Isolation and desperation are the likely cause of young men becoming “terrorists,” argues Larry Beck.
The “terrorists” have struck again, offering up last week’s version of mindless violence in the name of some cause. When this happens, I am appalled at the violence, heartbroken that innocents usually die and always left wondering what it is about some causes that seemingly provide a framework for destruction. This is particularly so when I can’t figure out what the cause really is.
I shouldn’t be alone in this. If you paid attention to the recent events in and around Paris, it would be hard to figure out what “cause” the “terrorists” served. Is it a “cause” to hate cartoonists and Jews enough to kill them, and are those who do so “terrorists” by definition? Can you be a “terrorist” without killing anybody, or without a “cause” while killing?
I don’t mean to be cute about this, but if we are ever going to reduce “terrorism,” we need to define it carefully and at least make a good faith effort to understand its roots. In the world of American exceptionalism, it seems that a kid who kills 26 children and teachers in a US elementary school is a deranged child armed with mommy’s legal guns. However, a group of young guys who kill dozens of school children and teachers in a Pakistani school are immediately labeled “terrorists,” even before we know if the guns they used were made in the US or belonged to their mothers. If the guns were made in the US, are the American gun manufacturers and distributers part of the terrorist network? If the deranged kid in Connecticut had been Muslim, would he be a terrorist, regardless of where his guns came from?
It has been way too easy to construct an us versus them narrative — a clash of the “civilized” against the “uncivilized” in which all of the bad guys are conveniently on the “uncivilized” team. For politicians, policymakers and pundits, this narrative never seems to require a look in our own collective mirror. The “civilized” team never seeks to answer to itself and rarely seeks to examine its complicity when violent outbreaks disturb public order.
We look for an “uncivilized” villain, hunt them down and begin the search for co-conspirators, all the while holding prayer vigils (praying for what I am never sure), solidarity marches and listening to outraged patter from the threatened privileged. Then, we go back to the bigger wars that require nothing more of most of us than enough disinterest to allow the “civilized” team the space necessary to try redefine the societies of others, regardless of the means used in the attempt.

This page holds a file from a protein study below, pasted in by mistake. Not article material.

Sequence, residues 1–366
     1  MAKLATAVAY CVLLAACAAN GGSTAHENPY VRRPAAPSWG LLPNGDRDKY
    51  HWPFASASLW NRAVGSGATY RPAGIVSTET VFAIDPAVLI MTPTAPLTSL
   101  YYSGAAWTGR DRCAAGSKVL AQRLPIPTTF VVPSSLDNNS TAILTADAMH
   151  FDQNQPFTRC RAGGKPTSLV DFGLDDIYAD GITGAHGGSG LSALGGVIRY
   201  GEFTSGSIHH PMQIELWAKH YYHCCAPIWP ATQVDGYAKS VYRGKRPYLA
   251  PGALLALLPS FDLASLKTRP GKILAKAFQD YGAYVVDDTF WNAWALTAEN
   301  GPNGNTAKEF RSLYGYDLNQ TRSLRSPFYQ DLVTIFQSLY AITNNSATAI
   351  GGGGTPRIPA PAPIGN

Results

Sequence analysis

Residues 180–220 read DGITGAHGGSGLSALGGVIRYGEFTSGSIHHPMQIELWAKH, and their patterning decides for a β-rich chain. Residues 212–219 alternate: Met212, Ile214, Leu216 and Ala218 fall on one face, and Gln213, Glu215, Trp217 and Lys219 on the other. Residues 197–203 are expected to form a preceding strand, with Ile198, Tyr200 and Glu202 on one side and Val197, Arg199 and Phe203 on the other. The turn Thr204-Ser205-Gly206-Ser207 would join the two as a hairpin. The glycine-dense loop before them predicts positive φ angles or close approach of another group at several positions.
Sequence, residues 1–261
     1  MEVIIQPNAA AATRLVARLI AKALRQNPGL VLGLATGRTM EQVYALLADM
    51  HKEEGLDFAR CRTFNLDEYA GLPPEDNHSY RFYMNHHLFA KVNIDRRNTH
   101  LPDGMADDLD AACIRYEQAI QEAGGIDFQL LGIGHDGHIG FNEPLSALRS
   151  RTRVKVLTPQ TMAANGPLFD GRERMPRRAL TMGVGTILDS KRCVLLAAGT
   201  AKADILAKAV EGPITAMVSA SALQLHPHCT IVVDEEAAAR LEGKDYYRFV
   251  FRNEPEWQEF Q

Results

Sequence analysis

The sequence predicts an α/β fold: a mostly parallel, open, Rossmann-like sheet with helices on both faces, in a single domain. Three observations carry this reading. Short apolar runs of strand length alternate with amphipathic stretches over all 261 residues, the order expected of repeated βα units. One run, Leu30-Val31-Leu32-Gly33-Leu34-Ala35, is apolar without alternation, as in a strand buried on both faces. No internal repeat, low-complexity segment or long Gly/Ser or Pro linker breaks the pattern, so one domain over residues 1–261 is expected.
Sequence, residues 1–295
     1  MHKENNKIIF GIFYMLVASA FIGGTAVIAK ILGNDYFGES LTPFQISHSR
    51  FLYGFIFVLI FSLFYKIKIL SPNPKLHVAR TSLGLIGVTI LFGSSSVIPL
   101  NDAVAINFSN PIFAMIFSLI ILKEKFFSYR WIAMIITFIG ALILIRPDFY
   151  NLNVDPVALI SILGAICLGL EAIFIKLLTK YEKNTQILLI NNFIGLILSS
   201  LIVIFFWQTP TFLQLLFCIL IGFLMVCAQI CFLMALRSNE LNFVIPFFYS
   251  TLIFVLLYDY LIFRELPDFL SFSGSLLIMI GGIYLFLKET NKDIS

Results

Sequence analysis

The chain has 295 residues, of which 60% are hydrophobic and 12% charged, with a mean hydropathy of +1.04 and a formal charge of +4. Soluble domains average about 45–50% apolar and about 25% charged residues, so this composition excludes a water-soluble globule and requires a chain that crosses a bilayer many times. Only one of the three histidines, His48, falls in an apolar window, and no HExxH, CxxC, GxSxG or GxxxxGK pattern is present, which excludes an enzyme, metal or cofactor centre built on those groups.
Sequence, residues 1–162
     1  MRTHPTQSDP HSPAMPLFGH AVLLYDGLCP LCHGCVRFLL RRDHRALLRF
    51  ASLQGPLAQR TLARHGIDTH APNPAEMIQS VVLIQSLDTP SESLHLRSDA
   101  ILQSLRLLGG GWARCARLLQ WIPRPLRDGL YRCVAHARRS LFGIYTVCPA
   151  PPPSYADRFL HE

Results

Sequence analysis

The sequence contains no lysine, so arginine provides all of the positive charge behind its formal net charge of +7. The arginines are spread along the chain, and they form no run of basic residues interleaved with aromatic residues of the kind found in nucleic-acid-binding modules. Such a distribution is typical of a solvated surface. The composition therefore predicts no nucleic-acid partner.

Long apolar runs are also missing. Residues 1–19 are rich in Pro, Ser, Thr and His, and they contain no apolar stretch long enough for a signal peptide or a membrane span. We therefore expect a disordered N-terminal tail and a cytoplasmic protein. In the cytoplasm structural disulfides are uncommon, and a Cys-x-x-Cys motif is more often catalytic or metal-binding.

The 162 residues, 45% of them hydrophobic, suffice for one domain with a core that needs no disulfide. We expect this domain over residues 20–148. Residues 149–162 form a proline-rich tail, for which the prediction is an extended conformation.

What we are doing now isn’t working and isn’t likely to work, largely because it misses the point badly. Our society, and that of virtually every other society on earth, has laws that criminalize anti-social and violent behavior. Each society invests heavily in law enforcement and a security apparatus. And now more than ever, supposedly free societies, just like supposedly un-free societies, are investing heavily in surveillance of their own populations to try figure out ahead of time who is plotting what.
With all this security around and with a camera in every nook, why do we feel increasingly insecure? If simply labeling the bad guys “terrorists” and getting those drones up in the sky to drop good death on bad people isn’t making us feel more secure, how far along this failed path are we willing to go?
Stick with me a minute while I talk about suicide rates among young people in the US. According to the Centers for Disease Control and Prevention, approximately 4,600 youth between the ages of 10-24 commit suicide in America every year, the third leading cause of death in that age group. Further, many more young people survive suicide attempts than actually die. Just for perspective, this is more actual dead children per year in our midst than all the folks who died in the 9/11 attacks.
Now the connection: If we took a fraction of the resources and attention away from chasing “terrorists” and applied it to preventing youth suicide, we would be able to save real lives today right here at home. Also, and critical for the security of all of us, we might learn a lot about why disaffected young people throughout the world take up arms for a “cause.”
I suspect that the “cause” for most of the young “terrorists” is neither Islam, nor anti-Semitism, but much more like the twisted byproduct of isolation and desperation of those on the path to suicide. Perhaps a closer examination of who the “terrorists” are and the circumstances of their lives would yield a strategy aimed at alleviating the conditions that breed isolation and desperation among young people in America and abroad.
Through the haze of a world that often rewards greed over virtue and seems to glorify violence at every turn, the adults in the room have to begin to stand for something worth standing for, before young people will pay us much heed. If we can begin to give young people a reason to believe in the society in which they live, I am convinced that fewer of them will want to destroy it from within or leave it prematurely.
*[A version of this article was originally published on Larry Beck’s blog, Hard Left Turn.]
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